Accessing the bridge over the starboard-side fridge takes a little care. It'sone of those familiarisation things where you need to practise it a few timesso you known how to do it instinctively in a hurry. Rails leading up top ensureyou at least won't do a Humpty Dumpty back into the cockpit.

Seating in the flybridge comprises five on a lounge, twopedestal seats and a strange little single seat to port. The view aft isespecially clear for spotting fish in the wake, while for the skipper and matethe transom is visible for backing down on fish or putting the boat, paintintact, into the pen at the end of the day.

The two American helm chairs face an island helm console withroom to flush-mount a deep-water depth sounder, GPS/chart plotter, radar andmore. Marine radios go overhead in the dedicated facia. That American alloywheel, single Morse controls and clear vision to all quarters make this a boat toenjoy driving and not relinquish to anyone.

The crew will find the bumps and curves on all the mouldingsmindful of their needs. No bruises when rushing for the cockpit when you needto. And as a quick aside, from the cockpit you'll find the water beautifullyclose to hand, so you can unhook a billfish without falling in the drink andwithout having to lift the fish right out of the water.

An all-over accessible boat, the 40's sidedecks leading tothe bow are also thoughtfully conceived with rails where you want them and abow rail (partly for survey) to keep you on deck.

As a tester, what I didn't like about the layout was the factthat I liked everything about the layout! Even the engine room has room for agenset (as it should), unlike smaller Blackwatch boats.




The best thing about doing an interior survey first is that you can kick backand enjoy the ride and end on that note. And so it was that we left SydneyHarbour, an armada of three Blackwatch boats - a 26, 34 and 40 - all headingnorth to Lake Macquarie. The Palm Beach detour was for my sake.

This was a day to be fishing. A lazy 1.5m swell, a 10kt sou'westerly, the boats all riding au natural - no tabs, no tricks... Just runningfree and easy.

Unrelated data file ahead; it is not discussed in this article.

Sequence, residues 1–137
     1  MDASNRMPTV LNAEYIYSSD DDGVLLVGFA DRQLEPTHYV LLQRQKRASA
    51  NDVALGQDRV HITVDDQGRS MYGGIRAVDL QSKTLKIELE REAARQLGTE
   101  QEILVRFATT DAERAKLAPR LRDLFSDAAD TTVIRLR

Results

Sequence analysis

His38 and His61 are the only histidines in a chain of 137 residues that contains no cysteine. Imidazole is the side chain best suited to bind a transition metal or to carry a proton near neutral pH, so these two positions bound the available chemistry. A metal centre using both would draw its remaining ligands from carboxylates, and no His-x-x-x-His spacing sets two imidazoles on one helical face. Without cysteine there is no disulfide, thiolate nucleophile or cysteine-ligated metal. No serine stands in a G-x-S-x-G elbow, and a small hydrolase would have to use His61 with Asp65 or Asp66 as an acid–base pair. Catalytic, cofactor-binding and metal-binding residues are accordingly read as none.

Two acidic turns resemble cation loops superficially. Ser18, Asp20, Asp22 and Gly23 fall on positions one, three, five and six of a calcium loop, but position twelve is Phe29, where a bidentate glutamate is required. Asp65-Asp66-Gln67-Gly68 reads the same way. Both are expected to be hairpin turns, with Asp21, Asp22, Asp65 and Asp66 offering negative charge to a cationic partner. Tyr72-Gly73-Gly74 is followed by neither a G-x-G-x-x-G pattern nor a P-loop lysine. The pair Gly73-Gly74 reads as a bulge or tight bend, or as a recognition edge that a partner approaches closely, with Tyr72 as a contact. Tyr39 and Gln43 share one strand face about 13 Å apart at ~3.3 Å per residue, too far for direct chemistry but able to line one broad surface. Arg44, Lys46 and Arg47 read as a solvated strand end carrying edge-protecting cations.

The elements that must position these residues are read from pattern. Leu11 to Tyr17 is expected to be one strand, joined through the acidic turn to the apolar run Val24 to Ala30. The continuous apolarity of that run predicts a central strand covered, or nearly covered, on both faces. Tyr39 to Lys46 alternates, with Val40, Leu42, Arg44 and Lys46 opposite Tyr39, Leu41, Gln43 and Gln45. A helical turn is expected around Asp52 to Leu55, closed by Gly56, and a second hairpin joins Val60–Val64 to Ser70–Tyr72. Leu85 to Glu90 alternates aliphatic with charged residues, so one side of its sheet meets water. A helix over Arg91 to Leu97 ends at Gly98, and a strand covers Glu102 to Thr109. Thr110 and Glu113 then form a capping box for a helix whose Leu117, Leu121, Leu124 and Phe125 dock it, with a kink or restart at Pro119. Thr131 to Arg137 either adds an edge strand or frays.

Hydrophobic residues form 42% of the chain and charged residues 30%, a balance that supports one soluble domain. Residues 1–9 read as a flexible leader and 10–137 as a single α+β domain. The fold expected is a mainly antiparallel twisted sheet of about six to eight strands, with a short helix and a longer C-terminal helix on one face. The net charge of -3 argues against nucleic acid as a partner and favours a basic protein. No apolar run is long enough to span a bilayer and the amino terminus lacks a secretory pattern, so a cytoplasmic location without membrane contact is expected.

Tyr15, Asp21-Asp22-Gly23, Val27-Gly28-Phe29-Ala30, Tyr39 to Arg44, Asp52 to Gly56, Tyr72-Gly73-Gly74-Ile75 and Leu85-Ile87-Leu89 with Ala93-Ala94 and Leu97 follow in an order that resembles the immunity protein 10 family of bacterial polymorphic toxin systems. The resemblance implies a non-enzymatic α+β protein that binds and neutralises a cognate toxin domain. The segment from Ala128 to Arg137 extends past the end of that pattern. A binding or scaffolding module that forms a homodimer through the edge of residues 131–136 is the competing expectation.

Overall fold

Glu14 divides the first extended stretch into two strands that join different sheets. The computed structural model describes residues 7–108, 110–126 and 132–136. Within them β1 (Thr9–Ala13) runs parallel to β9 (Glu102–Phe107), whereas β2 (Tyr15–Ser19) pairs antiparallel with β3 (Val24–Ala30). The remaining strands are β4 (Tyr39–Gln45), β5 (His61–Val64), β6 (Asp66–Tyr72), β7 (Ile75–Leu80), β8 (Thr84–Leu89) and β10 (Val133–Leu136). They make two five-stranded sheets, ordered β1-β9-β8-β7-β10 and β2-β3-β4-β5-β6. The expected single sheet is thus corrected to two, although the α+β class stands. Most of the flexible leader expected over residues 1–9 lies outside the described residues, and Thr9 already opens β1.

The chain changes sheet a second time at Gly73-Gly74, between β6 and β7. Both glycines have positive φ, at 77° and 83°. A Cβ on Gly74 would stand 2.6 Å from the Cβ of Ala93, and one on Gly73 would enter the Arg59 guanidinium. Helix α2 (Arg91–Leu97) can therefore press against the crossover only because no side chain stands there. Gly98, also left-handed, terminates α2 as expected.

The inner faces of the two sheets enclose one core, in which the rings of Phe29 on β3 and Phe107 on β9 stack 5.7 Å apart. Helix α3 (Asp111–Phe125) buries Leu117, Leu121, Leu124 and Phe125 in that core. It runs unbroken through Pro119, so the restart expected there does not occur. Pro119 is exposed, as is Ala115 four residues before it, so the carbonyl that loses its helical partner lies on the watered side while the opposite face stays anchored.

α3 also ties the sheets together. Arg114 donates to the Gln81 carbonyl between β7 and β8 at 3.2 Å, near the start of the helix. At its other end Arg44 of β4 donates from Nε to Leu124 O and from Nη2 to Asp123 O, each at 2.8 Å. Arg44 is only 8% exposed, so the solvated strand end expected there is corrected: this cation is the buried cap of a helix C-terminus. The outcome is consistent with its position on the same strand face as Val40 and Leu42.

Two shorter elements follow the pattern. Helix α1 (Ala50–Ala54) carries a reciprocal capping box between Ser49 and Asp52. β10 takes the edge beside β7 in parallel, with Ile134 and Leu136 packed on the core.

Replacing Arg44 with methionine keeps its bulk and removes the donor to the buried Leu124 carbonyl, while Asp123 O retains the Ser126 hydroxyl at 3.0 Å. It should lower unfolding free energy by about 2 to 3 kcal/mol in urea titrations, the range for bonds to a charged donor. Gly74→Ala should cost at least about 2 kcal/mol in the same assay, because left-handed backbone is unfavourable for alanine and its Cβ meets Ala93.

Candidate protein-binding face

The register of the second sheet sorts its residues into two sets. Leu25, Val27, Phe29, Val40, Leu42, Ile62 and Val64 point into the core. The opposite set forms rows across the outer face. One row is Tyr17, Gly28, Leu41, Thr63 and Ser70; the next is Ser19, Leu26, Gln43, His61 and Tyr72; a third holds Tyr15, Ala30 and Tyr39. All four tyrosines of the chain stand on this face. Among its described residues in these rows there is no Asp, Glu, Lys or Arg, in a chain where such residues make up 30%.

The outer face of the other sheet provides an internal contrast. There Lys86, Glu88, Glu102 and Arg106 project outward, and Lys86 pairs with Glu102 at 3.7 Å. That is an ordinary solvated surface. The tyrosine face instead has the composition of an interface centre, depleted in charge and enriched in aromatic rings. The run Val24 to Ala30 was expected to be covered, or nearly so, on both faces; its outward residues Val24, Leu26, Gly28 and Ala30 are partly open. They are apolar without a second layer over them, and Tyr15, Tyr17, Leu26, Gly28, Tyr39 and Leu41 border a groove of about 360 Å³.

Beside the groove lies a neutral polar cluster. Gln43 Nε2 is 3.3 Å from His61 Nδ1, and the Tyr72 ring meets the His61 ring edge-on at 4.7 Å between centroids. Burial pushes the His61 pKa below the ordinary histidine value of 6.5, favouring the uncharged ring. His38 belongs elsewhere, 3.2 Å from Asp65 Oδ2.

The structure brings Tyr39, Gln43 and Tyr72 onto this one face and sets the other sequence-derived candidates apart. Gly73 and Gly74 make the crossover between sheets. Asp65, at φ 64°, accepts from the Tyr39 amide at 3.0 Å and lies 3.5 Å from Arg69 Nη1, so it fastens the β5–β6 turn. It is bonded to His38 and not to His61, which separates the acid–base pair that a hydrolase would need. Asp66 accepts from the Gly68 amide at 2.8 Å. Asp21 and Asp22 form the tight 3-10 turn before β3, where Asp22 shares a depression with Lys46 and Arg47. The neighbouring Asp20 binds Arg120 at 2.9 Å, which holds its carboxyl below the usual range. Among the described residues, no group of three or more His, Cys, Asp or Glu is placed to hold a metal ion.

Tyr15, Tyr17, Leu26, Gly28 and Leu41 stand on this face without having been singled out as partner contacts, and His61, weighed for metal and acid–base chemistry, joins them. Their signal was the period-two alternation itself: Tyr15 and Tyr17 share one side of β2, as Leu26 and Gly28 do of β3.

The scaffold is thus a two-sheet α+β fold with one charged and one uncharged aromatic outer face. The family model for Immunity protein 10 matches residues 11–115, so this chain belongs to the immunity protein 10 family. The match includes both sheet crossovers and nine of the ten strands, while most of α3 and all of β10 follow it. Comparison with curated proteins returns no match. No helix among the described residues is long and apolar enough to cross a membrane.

Top speed of the 40 is 31kts at 2600rpm. The sail-past over,we resumed a 2200rpm fast cruise for 24 to 25kts. If the sea got nasty, wemight have dropped back to 2000rpm and 22kts.

But it didn't and the sea trial to Palm Beach was over almostas quickly as it started. It took perhaps 40 minutes from Sydney Heads to PalmBeach wharf, running down swell without a care in the world. The hull was dryand stable - due to its low centre of gravity - and it never fell off line.

In fact, the run up the coast didn't actually prove a lot.Blackwatchs love the rough going and that's when you learn to really love themback. This was just all too pleasant.

The cost then? Around $448,000 with twin 450C 430hp Cummins,though the test boat had one-off 435hp 3208TA Caterpillars.

The public bus back home had a Mercedes... And too manyschool kids... And no rod holders... And it was just a lousy way to end such awonderful sea trial...




Price as tested $541,866

Factory options fitted

Full NSW Survey ($35,000); 8kVa gen set ($15,470); Air-cond to sallon and cabins ($11,248); Eutectic cockpit freezer ($9798); Reelax HD outriggers and chair ($3350); electronics package (approx $19,000). Price does not include extra cost for Caterpillar engines.


Base price (w/ twin 430hp Cummins): $448,000



Material: GRP

Type: Deep-V monohull

Deadrise (at transom): 18°

Length: 11.99m

Beam: 4.08m

Displacement: 9800kg

Fuel capacity: 1900lt

Water capacity: 400lt


Engines (as tested)

Make/model: Twin Caterpillar 3208TAs

Rated hp: 2 x435hp

Type: V-eight turbo-diesel

Displacement (ea): 10,400cc

Weight (ea): 943kg


Supplied by Belmont Bay Marine, Pelican (NSW), tel (02) 4971 5100